Friday, May 29, 2009

Window on Eurasia: Majority of Belarusians Oppose Union State with Russia

Paul Goble

Vienna, May 29 – Some 54.8 percent of Belarusians are opposed to having their country become part of a union state with the Russian Federation, according to a new poll which also found that fewer Belarusians back that step than support the possibility that Belarus should eventually become part of the European Union.
Only one Belarusian in five – 20.8 percent – told pollsters from the Belarusian Institute of Strategic Research (BISS) that they favor having their country become part of a union state with Russia, and only one in seven – 14.4 percent – would like to see Belarus absorbed into the Russian Federation (
And while 41.2 percent of the Belarusians sampled said that they opposed having Belarus join the European Union, 33.5 percent said they would like their country to become part of that European institution, 13.1 percent more than favored having Belarus be part of a Eurasian union of any kind with Russia.
The largest share of Belarusians – 74.1 percent or nearly three out of four – said they want their country to be an independent state, a view that only 13.7 percent disagreed with and only 12.2 percent said they were unsure or were unwilling to provide an answer, according to the poll conducted earlier this month.
In reporting the results of this BISS survey, “Solidarnast’” journalist Anastasiya Zelenkova suggests that the number of Belarusians opposed to integrating with the Russian Federation will “become still greater” considering both Moscow’s actions and recent statements by President Alyaksandr Lukashenka.
Meanwhile, Ukraine’s “Glavred” newspaper reported that ethnic Ukrainians living in the Russian Federation are facing a rising tide of Ukrainophobia, yet another indication that the ties between the three Slavic republics are becoming increasingly frayed at both the official and unofficial levels (
Valery Semenenko, vice president of the Union of Ukrainians of Russia, said that “if you only focus on your work and don’t discuss political questions with Russians, then you don’t feel negative attitudes toward yourself.” But if a Ukrainian says anything which “does not correspond to the official ideology,” he continued, he or she will feel hostility.
Other ethnic Ukrainians concur with that, and polls conducted by the Levada Center show that 53 percent of Russians have negative feelings toward Ukraine, attitudes that they often express toward individual Ukrainians, especially given the negative feelings about Ukraine that are whipped up by the state controlled media in Russia.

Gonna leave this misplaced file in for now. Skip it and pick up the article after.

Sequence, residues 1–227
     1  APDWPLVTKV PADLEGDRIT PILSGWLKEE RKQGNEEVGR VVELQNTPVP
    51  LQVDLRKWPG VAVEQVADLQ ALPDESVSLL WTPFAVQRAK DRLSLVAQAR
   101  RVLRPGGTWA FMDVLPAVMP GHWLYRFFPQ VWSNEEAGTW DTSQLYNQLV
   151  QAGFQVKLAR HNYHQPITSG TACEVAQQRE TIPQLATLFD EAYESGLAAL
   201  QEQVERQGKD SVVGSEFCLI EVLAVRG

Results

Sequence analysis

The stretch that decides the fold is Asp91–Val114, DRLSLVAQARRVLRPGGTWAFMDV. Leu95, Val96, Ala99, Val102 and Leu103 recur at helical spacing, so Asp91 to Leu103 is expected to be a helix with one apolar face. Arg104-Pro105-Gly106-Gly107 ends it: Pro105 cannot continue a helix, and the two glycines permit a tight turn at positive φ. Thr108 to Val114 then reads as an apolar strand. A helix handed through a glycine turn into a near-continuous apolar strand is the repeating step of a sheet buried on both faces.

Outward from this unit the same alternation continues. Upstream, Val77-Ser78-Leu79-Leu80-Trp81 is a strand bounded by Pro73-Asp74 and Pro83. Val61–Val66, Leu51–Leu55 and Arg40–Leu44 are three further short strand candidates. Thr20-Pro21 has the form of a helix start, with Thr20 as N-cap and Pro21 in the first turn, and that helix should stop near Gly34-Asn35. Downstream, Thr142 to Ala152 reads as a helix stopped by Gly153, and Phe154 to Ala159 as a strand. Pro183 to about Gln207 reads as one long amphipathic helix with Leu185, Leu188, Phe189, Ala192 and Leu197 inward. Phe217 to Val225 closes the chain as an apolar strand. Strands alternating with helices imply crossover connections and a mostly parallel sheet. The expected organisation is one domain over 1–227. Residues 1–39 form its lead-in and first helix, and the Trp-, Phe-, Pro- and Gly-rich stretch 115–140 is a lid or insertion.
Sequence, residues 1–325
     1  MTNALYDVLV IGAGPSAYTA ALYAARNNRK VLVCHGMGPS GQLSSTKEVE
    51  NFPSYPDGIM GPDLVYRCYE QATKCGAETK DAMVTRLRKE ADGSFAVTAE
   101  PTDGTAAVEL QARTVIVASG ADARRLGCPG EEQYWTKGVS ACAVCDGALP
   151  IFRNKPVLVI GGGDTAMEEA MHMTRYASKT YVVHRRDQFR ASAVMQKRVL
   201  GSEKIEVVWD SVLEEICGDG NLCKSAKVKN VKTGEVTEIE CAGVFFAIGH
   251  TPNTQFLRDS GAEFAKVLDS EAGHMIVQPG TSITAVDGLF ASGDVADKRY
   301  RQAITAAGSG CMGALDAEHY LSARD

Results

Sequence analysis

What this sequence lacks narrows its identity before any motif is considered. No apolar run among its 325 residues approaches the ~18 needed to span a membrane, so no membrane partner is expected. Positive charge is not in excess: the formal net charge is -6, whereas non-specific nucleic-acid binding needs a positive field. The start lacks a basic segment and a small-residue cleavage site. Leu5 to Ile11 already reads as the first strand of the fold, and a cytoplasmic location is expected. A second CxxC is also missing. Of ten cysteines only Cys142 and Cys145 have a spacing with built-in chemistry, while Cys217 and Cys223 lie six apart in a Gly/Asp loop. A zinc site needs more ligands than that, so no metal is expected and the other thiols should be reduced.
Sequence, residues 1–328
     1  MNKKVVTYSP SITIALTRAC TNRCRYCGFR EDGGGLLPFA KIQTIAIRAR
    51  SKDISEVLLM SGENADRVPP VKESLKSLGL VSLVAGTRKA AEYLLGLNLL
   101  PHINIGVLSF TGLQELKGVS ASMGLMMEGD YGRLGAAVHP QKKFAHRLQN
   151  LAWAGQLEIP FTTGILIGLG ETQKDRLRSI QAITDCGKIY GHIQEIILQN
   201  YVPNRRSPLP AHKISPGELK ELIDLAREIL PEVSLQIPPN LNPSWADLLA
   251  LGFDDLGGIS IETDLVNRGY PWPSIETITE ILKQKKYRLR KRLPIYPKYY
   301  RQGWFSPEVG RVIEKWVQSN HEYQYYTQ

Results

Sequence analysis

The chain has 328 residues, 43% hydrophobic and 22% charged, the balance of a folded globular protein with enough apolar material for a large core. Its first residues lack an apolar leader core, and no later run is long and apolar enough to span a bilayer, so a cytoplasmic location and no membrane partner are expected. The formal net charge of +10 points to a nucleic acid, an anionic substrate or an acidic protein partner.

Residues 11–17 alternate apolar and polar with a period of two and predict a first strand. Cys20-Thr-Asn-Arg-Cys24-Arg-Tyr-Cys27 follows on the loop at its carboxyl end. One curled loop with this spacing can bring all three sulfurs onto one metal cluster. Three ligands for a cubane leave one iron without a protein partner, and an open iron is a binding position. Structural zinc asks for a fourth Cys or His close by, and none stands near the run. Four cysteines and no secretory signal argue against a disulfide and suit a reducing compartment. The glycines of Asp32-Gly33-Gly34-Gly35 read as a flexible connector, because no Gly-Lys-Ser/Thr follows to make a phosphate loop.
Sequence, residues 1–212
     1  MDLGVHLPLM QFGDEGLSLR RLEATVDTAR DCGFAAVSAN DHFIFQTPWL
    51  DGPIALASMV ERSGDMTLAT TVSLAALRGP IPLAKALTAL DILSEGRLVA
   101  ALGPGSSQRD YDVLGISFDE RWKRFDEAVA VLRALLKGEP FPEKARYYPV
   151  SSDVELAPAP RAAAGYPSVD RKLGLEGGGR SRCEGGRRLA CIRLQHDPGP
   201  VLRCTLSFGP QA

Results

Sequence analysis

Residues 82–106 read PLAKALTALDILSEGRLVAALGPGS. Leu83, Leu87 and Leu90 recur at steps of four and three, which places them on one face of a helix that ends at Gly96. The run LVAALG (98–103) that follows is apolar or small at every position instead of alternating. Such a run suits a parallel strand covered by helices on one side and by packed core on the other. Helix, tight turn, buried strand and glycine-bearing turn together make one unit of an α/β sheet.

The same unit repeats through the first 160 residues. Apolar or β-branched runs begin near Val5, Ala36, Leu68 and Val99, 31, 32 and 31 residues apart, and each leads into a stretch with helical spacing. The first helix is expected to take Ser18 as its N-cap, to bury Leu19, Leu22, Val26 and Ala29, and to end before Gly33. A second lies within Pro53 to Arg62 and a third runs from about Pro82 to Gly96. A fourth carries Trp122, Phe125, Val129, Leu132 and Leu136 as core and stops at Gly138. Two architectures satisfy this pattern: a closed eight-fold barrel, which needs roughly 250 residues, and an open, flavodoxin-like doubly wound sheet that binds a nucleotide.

Semen Novoprudsky, the deputy chief editor of Moscow’s “Vremya novostei,” told “Glavred” that “anti-Ukrainian and anti-Georgian rhetoric is almost the main feature of news on Russian television over the last three or four years,” a kind of “propaganda” that has promoted negative attitudes toward members of the two titular ethnic groups as well.
Some Russian sociologists dispute this, arguing that “the majority of Russians clearly distinguish between the Ukrainian authorities and ordinary Ukrainians, but that is not the conclusion the “Glavred” article offers or that most Ukrainians in Ukraine are likely to accept as true.
Instead, the article points out that in Russia today, “five myths” are being propagated by the government and the media about Ukraine, all of which promote Ukrainophobia among ethnic Russians and are thus deeply offensive to Ukrainians whether they live in Ukraine or in the Russian Federation.
First, from Russian Prime Minister Vladimir Putin on down, the paper notes, there are regular suggestions that Ukraine is a state “at the margins” of Russia and one whose territory was created by others, specifically by Moscow. Second, Russian media say that if Ukraine joins NATO, that would be an anti-Russian action, something Ukrainian officials dispute.
Third, Russian officials and Russian media continue to deny that the famine in Ukraine was a genocide, even though as Ukrainians continually point out, “the majority of those who died” were Ukrainians. Moreover, Ukrainians suspect that documents may eventually be found proving their contention, just as the secret protocols of Molotov-Ribbentrop Pact were found.
Fourth, Moscow in particular and Russians in general insist that Crimea is a Russian land which was “given to Ukraine” and that Russia’s fleet must be allowed to stay there for all time. And fifth, bigoted comments such as “it is better to be raped than Ukrainianized” are increasingly common in the Russian media and don’t reflect the status of Russian in Ukraine.
The Belarusian poll and the Ukrainian article highlight something few in Moscow or elsewhere appear willing to acknowledge: Putin’s increasingly nationalistic comments and actions are having the effect of driving away Russia’s two Slavic neighbors, thus solidifying the basis of the independence that the Russian prime minister appears to find so offensive.
And consequently, just as Stalin is viewed by some as the greatest state builder of Ukraine – the Soviet dictator added more territory to that republic than any Ukrainian leader even though he killed so many of its people – so too Putin may be remembered for destroying any unity of the former Soviet space despite his clear desire to preserve it.

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